Universally considered one of the greatest artists of the Italian Renaissance, Michelangelo devoted four years to painting the vast ceiling fresco in the Sistine Chapel. This preparatory study portrays one of the 20 athletic male nudes, known as ignudi, who serve as supporting figures at each corner of the Old Testament scenes painted down the center of the ceiling. Michelangelo worked out the positioning of the ignudi in red chalk drawings before beginning to paint each section of wet plaster. The energy and monumentality of the figure in red chalk, whose body extends beyond the sheet, suggests the heroic athleticism of Michelangelo’s sculpture.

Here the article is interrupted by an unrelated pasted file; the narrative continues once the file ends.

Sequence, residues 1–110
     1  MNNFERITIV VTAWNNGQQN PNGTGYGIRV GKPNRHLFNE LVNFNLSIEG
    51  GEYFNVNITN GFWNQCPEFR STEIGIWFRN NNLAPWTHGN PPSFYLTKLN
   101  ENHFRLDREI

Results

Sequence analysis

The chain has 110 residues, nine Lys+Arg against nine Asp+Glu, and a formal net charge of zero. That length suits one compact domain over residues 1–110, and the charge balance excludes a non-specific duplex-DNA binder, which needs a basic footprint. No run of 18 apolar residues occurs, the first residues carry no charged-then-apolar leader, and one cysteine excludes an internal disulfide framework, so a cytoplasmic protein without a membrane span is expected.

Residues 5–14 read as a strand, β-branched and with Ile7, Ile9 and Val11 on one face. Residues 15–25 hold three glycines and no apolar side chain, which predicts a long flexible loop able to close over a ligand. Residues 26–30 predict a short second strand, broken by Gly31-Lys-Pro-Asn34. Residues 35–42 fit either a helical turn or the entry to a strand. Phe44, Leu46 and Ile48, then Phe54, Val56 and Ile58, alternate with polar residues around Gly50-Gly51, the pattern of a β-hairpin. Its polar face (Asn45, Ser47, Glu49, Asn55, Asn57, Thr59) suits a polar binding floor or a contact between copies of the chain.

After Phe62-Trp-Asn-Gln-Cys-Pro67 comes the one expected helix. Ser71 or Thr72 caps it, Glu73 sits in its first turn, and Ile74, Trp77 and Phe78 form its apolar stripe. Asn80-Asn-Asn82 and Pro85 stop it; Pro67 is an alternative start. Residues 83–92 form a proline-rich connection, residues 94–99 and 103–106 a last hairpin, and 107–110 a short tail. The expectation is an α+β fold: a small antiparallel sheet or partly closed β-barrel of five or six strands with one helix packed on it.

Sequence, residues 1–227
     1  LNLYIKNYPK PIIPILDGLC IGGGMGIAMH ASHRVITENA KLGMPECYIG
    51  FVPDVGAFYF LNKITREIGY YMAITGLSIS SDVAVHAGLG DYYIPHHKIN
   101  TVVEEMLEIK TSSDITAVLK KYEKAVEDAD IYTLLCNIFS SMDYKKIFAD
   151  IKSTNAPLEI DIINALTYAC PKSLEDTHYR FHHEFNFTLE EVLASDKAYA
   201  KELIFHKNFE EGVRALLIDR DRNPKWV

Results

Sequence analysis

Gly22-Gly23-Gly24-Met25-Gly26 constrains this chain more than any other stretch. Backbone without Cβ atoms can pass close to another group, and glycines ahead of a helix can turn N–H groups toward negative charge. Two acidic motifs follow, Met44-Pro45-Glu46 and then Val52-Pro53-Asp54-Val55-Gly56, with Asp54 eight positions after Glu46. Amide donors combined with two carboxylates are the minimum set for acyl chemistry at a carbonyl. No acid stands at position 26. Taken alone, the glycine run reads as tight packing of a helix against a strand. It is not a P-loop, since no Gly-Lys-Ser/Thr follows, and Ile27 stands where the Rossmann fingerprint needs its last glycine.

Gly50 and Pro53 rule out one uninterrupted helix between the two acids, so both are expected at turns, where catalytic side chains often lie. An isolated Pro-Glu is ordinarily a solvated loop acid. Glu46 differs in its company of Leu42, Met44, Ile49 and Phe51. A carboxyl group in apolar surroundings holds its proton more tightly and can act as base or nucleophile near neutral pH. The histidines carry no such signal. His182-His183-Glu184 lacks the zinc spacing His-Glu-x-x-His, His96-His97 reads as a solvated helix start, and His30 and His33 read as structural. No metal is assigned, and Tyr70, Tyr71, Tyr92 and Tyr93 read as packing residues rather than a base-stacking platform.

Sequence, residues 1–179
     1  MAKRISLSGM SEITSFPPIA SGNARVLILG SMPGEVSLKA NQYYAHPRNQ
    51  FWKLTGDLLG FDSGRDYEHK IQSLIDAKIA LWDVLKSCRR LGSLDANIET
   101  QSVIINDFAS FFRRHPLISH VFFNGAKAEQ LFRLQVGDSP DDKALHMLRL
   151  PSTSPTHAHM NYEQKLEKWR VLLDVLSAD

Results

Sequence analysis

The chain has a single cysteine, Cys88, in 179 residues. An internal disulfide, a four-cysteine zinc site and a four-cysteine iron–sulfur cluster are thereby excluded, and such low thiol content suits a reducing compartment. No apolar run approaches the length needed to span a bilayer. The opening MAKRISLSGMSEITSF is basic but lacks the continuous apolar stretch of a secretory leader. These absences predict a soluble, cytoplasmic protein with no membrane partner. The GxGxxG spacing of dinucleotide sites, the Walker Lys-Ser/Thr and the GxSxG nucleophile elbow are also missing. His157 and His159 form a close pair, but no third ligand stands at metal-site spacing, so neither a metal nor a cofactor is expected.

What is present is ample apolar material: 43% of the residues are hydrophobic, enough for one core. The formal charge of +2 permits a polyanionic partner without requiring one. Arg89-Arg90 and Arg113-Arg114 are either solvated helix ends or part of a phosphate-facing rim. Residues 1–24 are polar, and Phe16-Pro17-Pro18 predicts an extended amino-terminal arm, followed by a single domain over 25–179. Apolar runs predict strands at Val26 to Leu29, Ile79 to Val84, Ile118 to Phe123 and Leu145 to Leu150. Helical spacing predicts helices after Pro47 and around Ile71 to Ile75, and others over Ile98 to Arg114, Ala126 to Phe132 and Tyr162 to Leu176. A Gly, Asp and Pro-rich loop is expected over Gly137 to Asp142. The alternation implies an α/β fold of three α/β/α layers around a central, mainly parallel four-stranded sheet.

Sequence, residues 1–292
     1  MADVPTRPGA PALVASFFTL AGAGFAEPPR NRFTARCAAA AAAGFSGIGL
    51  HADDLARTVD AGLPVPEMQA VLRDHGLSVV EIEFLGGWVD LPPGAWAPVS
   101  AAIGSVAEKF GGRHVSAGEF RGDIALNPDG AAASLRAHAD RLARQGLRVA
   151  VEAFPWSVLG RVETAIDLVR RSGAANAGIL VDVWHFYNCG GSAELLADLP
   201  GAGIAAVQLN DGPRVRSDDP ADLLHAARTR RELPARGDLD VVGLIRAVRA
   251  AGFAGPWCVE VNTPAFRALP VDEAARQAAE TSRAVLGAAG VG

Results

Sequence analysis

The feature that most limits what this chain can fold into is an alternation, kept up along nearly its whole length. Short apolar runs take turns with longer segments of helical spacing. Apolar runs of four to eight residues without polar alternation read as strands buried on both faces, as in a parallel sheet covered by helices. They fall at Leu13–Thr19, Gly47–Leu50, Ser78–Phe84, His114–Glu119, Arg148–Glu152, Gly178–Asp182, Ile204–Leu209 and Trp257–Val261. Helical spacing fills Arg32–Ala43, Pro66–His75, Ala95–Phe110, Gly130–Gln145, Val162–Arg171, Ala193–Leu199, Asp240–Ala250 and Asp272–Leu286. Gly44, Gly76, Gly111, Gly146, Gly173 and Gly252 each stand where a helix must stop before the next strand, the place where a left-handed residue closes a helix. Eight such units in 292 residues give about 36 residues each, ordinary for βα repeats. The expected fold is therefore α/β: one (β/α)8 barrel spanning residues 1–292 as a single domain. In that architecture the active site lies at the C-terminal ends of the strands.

cma 1945a; cma 1958-59; cma 1960b; cma 1962a; cma 1964; cma 1966-67a; Providence 1967, 12; Cleveland 1971, no. 58 (as Alessandro Allori); Tokyo/Kyoto 1976, no. 22; cma 1978b; Cleveland 1979a, 10, 11, 16, 25, 57, 81-83, no. 55; cma 1980-81; cma 1983c; cma 1983f; cma 1986-87b; cma 1988b; cma 1991f; Cleveland 1997, 111, no. 35.
Cleveland, Ohio: The Cleveland Museum of Art; February 8 - April 12, 1998. "Vatican Treasures: Early Christian, Reniassance, and Baroque Art from the Papal Collections," exh. cat. no. 35, p. 111.
The Cleveland Museum of Art (8/27/00 - 10/17/00); NY, NY: The Pierpont Morgan Library (5/24/01- 8/19/01); Museum of Fine Arts Houston (10/14/01 - 1/6/02); "Master Drawings from The Cleveland Museum of Art", exh. cat. no. 6, color repr. p. 31, pp. 30-33; p. 284.
National Gallery of Canada, Ottawa (5/29/2009 - 9/6/2009): "From Raphael to the Carracci: The Art of Papal Rome" ex. cat. no. 9, p. 93-94.
CMA, "Treasures on Paper from the Collection of the Cleveland Museum of Art" (Mar. 9, 2014-Jun. 8, 2014)